I’m frugal and live on a budget in Ohio. But when we “adopted” an ex-Amish son, his dental health was poor and he desperately needed cleaning and help for cavities . . . 12 to be exact. So we forked out about $1,000 to take care of years of neglect.

        I sent you an email Erik and hope you received it. I was asking you for an appropriate place to mention my Beyond Buggies & Bonnets blog about my experiences with ex-Amish.

        When a son joins the Amish: Dollars, Degrees, Dentists

  • New York State of Mind
    Comment on When a son joins the Amish: Dollars, Degrees, Dentists (February 15th, 2013 at 09:07)

    I am like Ruth-I am scared of dentists, too, but I have had some really bad experiences over the years. That $20.00 a week doesn’t seem like much to live on. I think we all worry about money for the next year. I think it is more in farming that most of us do. I will keep them in my thoughts and prayers.

    Marilyn

  • Food costs

    They have some food costs, but not like we would. For instance, they started out with a cow but in last summers drought had to sell her, as it cost too much to feed her (all their pasture grass died). And they do not yet have a way to keep chickens past fall, because of the extreme cold. So they have some eggs during the summer, then butcher the (young) hens and can the meat. It’s about the only meat they have during the year. That means they have to buy eggs which they do from an Amish neighbor who has a better set up. When we left them last fall they had a basement full of root veggies: onions, potatoes, sweet potatoes, and carrots. I think this has been their main diet over the winter. Somehow they got another cow this fall, so have milk and milk products, we are grateful for this!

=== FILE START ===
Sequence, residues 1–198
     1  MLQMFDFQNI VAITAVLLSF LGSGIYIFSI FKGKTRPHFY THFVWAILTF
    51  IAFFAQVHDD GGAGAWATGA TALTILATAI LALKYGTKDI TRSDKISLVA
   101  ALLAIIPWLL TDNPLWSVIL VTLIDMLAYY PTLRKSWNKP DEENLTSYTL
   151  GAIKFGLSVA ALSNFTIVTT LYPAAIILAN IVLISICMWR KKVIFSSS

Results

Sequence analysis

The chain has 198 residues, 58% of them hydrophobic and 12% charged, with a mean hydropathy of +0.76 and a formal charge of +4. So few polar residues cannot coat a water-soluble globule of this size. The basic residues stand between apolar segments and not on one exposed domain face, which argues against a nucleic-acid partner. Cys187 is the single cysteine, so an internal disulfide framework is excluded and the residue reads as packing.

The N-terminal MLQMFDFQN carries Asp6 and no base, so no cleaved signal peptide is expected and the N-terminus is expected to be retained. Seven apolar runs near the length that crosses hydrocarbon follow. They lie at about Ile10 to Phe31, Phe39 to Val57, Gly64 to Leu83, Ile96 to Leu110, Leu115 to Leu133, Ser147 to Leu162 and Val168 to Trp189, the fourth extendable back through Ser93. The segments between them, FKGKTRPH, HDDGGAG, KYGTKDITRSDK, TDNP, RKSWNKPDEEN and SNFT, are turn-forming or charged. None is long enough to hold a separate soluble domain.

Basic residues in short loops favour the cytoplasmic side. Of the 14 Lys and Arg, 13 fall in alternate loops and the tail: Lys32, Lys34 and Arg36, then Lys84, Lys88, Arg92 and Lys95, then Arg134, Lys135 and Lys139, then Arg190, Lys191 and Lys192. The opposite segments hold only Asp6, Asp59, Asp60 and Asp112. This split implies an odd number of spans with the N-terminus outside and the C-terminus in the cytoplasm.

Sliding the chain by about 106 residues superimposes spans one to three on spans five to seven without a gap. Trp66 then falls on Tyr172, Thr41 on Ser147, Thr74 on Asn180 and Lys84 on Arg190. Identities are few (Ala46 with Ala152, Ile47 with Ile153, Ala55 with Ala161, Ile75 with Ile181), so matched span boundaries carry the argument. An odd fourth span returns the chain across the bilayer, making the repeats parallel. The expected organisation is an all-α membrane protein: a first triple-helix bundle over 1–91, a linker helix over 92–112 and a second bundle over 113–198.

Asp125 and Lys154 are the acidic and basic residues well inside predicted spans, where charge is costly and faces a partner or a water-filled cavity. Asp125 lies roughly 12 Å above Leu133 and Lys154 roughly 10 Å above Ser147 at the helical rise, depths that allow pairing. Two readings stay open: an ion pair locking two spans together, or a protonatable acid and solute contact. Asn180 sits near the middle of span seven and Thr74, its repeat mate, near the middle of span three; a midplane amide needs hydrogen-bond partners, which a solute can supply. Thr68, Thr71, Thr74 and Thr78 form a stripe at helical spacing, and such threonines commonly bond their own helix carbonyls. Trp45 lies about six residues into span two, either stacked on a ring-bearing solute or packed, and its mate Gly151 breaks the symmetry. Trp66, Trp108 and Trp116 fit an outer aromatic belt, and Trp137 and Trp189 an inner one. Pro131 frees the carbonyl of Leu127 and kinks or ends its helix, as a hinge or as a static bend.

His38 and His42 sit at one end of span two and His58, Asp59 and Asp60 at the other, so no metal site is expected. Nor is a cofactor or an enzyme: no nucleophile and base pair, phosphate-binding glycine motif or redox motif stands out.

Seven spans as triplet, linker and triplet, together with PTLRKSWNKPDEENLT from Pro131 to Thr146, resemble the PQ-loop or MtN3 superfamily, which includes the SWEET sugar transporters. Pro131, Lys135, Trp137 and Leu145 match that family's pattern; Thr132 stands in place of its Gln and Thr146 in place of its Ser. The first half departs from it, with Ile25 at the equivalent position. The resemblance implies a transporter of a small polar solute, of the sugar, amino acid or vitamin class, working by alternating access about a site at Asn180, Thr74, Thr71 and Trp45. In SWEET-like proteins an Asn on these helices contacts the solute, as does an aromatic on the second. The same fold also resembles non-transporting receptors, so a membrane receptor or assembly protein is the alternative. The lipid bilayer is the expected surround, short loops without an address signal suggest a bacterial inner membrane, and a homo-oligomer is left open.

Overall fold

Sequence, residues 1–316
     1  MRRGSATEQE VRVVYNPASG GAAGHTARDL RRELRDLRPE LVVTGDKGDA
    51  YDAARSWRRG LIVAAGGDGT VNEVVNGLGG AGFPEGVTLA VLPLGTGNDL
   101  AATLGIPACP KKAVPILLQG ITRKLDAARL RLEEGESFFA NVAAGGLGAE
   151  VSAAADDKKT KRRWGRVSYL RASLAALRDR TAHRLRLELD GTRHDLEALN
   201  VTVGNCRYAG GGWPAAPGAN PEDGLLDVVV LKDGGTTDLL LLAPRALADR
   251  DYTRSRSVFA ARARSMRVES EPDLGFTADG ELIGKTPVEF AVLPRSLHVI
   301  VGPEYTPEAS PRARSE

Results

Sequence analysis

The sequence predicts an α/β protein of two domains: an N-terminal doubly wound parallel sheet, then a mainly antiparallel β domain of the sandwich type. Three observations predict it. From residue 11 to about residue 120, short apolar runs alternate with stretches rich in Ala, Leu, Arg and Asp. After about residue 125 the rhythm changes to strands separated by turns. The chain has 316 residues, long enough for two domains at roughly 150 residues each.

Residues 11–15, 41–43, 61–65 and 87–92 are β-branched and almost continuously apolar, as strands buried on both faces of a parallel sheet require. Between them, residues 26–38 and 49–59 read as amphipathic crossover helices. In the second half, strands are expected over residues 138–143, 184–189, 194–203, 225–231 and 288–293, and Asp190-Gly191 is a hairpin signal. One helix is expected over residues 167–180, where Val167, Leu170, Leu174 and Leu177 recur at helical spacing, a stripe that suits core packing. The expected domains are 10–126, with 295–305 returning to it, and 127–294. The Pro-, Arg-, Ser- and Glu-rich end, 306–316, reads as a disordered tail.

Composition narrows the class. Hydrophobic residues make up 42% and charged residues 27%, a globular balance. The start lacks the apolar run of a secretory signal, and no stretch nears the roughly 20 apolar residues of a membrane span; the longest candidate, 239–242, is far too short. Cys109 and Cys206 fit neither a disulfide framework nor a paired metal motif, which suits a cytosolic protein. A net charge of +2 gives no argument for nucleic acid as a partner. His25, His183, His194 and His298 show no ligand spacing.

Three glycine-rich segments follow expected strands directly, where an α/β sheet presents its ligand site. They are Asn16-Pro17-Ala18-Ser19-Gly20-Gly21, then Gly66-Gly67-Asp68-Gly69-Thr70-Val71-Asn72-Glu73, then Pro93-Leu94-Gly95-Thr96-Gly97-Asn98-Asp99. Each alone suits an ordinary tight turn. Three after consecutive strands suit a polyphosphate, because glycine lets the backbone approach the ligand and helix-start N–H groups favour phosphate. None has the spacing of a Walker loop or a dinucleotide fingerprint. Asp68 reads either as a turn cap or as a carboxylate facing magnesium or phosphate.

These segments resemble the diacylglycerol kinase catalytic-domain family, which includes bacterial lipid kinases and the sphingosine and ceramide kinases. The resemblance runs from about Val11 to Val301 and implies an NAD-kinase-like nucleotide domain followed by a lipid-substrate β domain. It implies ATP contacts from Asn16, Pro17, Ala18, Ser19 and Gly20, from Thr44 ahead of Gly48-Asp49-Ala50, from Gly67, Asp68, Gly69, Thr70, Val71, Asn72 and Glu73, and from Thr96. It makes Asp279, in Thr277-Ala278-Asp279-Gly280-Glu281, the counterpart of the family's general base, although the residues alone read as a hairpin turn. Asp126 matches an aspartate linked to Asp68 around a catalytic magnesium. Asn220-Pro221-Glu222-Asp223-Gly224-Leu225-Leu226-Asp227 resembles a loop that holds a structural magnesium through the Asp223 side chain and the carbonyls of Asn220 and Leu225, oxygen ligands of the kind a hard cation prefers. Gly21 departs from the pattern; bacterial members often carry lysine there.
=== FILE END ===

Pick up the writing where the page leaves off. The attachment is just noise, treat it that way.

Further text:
When we were there someone from the grocery store delivered some past date items to them. There was fruit, sausage, and some butter. The guy who brought it said the grocery store owner knows the Amish really treasure getting some things and so he devised this system: much better than throwing it out!

    When a son joins the Amish: Dollars, Degrees, Dentists